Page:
Diversity is the name of the game for Michigan agriculture. With more than 300 different kinds of commodities produced, the state ranks second in the country as the most agriculturally diverse, after only California.
Hardworking farmers grow Michigan’s bounty of crops and commodities on 51,600 farms statewide. Operating across more than 9.9 million acres, each farm averages 193 acres. The work pays off too: Michigan’s combined food and agriculture industries contribute approximately $101.2 billion to the local economy each year.
Although production farmers are the backbone of the industry, Michigan food and agriculture also encompasses food processors and related industries, which employ 923,000 Michiganders. That’s a whopping 22 percent of the state’s workforce.
Michigan boasts an impressive variety of products and commodities, including milk, floriculture, corn, soybeans, fruits and vegetables, cattle, hogs, poultry, and sugarbeets. Additionally, Michigan ranks first in the nation for production of begonias, blueberries, tart cherries, petunias, squash and more.
Agriculture has a rich history in Michigan, and it’s easy to see why. Several major agricultural businesses have been in the state for 100 years or longer, and many family farms celebrate centennial status, where the land has been owned and operated by the same family for at least a century. Yet the industry has embraced change as well, with the number of young farmers, women and minority farmers growing over the past few decades.
Innovations in technology and sustainable practices – along with agricultural education, conservation, safety practices and new ideas – are all pieces that help Michigan food and agriculture continue to grow and thrive.
An Apple a Day
Take a bite out of a Michigan apple, the largest and most valuable fruit crop in the state. Michigan grows more than 11.3 million apple trees, producing the all-American fruit on 825 family-run farms. As the third-largest apple producer in the nation, uses for Michigan apples are split down the middle, with half of the crop sold fresh and ready to eat, while the rest are processed into other products, such as juice and applesauce.
Good news for apple lovers: Michigan apples are available almost year round, thanks to the state’s climate-controlled atmosphere storage. To help spread awareness about the important fruit, Michigan Apple Crunch Day is held each year in October, sharing agriculture’s heritage and information on apples with the community.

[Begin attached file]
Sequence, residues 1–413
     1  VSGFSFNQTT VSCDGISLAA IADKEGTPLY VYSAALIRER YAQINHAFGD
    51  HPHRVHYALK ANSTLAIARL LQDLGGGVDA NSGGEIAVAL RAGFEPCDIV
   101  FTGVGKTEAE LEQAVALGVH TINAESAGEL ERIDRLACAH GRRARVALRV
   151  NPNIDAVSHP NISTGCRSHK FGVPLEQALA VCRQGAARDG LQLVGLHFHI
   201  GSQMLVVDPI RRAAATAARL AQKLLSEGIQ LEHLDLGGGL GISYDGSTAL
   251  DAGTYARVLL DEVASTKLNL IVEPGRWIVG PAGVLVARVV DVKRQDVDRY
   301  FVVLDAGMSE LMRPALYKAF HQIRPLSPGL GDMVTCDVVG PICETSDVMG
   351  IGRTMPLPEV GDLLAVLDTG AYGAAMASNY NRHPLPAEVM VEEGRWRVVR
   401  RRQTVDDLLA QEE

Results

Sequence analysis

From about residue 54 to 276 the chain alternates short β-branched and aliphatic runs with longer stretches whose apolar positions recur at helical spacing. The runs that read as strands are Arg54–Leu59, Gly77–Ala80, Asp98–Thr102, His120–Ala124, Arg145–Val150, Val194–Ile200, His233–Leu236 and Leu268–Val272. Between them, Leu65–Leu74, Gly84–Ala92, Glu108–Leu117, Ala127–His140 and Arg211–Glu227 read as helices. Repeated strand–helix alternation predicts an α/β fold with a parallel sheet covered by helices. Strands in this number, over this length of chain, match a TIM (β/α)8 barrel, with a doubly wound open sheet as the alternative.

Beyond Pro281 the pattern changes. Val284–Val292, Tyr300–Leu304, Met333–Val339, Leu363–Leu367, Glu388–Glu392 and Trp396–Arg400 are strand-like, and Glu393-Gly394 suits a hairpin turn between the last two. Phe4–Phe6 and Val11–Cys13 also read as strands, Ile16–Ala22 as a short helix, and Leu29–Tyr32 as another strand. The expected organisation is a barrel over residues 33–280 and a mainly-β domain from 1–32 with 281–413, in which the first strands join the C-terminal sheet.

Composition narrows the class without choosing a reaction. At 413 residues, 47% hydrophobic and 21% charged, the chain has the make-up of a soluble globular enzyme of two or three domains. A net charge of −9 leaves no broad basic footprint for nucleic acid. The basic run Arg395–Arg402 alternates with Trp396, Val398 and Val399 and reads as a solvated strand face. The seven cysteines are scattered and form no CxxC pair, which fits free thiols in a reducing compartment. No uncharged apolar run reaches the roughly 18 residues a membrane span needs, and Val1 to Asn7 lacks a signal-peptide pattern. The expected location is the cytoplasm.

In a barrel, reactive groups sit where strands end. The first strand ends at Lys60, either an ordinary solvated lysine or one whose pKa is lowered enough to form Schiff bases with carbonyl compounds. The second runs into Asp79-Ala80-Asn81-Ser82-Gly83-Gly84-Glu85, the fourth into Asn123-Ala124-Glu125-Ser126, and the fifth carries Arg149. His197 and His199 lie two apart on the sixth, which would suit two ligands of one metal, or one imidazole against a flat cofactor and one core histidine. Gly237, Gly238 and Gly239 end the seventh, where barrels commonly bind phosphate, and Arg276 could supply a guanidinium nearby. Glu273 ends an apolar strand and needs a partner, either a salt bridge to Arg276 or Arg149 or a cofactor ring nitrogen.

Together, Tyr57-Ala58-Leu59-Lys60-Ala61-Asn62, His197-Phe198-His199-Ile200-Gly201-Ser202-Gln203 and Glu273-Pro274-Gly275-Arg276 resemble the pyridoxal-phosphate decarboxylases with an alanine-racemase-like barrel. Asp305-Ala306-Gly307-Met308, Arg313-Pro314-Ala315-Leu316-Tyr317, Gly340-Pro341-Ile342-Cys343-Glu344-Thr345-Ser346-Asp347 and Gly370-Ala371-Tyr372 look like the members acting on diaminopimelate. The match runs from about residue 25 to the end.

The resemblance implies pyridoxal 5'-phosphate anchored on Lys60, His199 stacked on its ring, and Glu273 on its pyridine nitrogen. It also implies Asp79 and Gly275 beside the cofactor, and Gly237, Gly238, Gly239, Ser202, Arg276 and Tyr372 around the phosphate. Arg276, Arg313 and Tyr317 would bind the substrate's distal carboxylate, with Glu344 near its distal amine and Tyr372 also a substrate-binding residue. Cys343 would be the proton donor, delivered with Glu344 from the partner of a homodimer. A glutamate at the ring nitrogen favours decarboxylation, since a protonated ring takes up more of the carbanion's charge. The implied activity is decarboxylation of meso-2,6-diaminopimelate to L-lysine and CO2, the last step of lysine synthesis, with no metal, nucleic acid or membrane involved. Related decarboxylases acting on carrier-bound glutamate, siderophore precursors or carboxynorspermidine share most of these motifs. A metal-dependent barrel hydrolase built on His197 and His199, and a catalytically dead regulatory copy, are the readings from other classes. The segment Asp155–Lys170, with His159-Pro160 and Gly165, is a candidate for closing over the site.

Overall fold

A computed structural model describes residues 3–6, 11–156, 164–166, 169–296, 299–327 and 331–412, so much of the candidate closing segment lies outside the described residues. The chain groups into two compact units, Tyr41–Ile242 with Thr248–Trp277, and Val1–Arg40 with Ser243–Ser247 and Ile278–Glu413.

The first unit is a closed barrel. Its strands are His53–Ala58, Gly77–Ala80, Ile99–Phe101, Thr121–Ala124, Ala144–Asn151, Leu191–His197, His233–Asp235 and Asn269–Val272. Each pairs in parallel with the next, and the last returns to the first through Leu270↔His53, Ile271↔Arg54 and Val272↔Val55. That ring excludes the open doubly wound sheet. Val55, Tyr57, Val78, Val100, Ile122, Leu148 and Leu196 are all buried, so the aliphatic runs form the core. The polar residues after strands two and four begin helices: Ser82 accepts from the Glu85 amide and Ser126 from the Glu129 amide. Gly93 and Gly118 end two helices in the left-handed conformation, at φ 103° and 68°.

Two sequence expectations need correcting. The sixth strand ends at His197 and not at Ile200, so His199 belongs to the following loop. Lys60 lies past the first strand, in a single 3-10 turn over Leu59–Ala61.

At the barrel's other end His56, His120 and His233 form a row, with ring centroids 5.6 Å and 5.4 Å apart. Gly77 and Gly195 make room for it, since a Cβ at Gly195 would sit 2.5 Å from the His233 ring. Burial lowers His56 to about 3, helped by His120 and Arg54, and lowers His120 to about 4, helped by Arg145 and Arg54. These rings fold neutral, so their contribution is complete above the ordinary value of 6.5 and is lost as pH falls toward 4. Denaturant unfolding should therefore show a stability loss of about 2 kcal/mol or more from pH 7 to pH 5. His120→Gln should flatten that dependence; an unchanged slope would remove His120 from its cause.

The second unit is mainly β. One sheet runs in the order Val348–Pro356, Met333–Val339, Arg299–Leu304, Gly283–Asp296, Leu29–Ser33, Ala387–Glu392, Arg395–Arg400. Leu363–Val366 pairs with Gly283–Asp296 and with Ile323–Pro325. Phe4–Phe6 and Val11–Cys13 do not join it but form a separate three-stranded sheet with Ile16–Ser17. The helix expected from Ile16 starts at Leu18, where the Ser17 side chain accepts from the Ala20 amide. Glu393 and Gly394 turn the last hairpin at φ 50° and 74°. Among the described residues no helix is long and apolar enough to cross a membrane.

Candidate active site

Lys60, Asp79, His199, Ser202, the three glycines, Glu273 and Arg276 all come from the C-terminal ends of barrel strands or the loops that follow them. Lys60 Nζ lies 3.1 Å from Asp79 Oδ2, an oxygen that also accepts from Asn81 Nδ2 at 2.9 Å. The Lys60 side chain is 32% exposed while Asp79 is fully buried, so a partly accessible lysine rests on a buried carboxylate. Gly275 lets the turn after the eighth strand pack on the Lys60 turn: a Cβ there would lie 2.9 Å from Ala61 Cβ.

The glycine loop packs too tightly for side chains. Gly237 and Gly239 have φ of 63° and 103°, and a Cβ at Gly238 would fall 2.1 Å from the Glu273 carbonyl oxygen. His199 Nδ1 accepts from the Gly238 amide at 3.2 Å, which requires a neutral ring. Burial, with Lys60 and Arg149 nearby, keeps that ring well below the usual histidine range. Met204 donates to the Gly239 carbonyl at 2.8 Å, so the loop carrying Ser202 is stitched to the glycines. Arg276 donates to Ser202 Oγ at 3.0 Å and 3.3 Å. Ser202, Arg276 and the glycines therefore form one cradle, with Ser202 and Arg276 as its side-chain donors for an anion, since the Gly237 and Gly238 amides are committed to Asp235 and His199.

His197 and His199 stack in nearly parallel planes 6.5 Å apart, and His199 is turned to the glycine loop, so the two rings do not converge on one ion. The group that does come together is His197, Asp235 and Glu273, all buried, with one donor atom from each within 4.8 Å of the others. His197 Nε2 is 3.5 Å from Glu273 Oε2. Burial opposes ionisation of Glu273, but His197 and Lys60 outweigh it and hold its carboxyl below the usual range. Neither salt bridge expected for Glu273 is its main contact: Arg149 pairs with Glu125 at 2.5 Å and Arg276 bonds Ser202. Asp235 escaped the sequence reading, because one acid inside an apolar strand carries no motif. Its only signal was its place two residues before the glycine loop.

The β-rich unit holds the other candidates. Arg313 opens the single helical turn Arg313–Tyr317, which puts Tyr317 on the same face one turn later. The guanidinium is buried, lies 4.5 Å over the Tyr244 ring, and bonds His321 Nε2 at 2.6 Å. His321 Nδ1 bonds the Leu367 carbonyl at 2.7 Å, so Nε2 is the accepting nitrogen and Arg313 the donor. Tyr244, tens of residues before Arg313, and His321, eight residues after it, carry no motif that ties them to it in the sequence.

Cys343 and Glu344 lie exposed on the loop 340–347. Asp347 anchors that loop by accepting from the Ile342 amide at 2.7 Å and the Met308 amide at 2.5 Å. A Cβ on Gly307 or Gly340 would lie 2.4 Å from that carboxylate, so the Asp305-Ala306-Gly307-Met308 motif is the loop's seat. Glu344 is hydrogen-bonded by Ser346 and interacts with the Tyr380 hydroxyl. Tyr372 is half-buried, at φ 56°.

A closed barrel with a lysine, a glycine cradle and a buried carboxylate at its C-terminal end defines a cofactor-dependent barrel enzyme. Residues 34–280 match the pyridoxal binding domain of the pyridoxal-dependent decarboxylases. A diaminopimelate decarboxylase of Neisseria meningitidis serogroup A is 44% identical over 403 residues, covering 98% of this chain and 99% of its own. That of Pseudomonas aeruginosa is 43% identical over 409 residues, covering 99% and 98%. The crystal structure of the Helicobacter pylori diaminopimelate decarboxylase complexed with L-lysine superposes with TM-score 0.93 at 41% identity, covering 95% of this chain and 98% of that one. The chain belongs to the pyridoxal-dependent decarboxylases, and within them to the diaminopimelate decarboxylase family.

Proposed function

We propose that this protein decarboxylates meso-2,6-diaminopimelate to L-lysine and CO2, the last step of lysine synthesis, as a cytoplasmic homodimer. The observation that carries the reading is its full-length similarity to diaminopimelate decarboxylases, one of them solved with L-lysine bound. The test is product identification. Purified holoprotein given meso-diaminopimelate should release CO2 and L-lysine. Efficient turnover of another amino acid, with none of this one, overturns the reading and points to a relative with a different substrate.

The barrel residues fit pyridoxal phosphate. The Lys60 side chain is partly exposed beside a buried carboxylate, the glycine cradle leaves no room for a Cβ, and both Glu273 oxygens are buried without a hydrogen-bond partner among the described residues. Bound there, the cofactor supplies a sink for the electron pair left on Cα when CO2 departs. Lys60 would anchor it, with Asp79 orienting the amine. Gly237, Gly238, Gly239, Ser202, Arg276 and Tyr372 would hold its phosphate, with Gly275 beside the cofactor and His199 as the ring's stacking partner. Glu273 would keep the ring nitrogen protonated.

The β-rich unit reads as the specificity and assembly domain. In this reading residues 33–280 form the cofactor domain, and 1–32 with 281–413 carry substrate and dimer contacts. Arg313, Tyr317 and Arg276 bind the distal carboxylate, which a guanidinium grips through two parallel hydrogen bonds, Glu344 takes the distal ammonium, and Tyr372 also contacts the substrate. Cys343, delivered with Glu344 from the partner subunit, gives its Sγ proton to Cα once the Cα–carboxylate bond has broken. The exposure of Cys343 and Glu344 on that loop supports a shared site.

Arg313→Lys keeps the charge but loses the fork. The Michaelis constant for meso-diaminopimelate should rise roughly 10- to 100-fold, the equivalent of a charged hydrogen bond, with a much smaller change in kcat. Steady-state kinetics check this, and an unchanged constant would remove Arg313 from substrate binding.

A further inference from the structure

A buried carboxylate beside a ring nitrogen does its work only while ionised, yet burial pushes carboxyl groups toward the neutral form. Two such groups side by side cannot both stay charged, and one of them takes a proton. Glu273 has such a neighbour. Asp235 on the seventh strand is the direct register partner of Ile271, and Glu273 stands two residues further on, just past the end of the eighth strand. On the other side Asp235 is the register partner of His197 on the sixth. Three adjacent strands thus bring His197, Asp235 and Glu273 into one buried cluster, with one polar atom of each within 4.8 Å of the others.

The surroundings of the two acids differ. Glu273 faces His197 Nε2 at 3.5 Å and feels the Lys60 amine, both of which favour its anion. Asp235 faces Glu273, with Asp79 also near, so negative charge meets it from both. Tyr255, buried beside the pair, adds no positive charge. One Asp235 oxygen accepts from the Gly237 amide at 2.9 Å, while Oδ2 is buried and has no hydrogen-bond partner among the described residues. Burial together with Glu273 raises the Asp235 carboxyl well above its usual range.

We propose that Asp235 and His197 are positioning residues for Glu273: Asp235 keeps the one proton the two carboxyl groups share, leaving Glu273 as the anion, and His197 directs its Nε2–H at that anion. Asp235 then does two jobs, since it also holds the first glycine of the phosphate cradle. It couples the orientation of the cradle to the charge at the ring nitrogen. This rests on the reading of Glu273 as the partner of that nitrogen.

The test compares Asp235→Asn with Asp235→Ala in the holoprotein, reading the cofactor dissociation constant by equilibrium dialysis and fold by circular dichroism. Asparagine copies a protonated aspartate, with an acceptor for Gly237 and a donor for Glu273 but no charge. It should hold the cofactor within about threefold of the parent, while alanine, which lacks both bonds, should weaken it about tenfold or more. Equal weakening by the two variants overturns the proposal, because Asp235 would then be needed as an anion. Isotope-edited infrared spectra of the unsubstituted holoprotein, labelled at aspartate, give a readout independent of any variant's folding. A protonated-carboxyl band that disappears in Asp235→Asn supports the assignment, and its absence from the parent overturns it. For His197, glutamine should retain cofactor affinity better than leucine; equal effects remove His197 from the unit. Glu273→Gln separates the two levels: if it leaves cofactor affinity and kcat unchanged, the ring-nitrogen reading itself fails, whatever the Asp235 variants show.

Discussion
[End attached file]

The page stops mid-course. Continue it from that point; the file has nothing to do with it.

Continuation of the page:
Michigan is going green – with plants and flowers, that is. The state has an impressive greenhouse and nursery industry, with a combined economic impact of $5.7 billion. This includes perennial plant production, Christmas trees, sod producers, landscaping, and ornamental and vegetable plants.
The state has a total of 705 greenhouse operations, with Kalamazoo and Ottawa counties having the highest floriculture production in Michigan. The state consistently ranks in the top five production states in the nation, coming in fourth in 2014.
Learn more about Michigan’s always-growing industry through the Michigan Nursery and Landscape Association.
Michigan Farm Fun
From farmers markets and festivals to wine tastings, U-pick farms and corn mazes, Michigan’s agritourism offerings are vast. Agritourism destinations invite visitors to have a fun-filled day while simultaneously learning about Michigan agriculture and the hardworking farmers who grow their food.
Agritourism comes in all shapes and sizes, and it’s typically beneficial for the farmer, as well as the consumer, since it provides extra income in the off-season. Michigan is the second-most agriculturally diverse state in the country, so it makes sense that there is much to explore.
In the spring and summer, the state offers U-pick berry farms, while fall is a perfect time to visit a pumpkin patch. Pick your own Christmas tree in the wintertime, and head to one of Michigan’s craft breweries or distilleries year round.
Ag in the City
In the past, farming conjured up visions of vast, open fields, with the closest skyscraper requiring a pretty substantial road trip. Today, things are changing as the urban agriculture movement grows. In Michigan, organizations like the Michigan Urban Farming Initiative (MUFI) are bringing sustainable urban agriculture to the forefront by using it to promote education, community and sustainability. Located in Detroit, MUFI transformed a two-square-block area into a community garden, run completely by volunteers.
Urban agriculture offers many benefits. A primary one is the ability to fight food insecurity – or unreliable access to enough nutritious, affordable food – in urban areas, where it’s often high. It also adds greenery and shade to city landscapes, and fosters community engagement while teaching urban residents more about where their food comes from.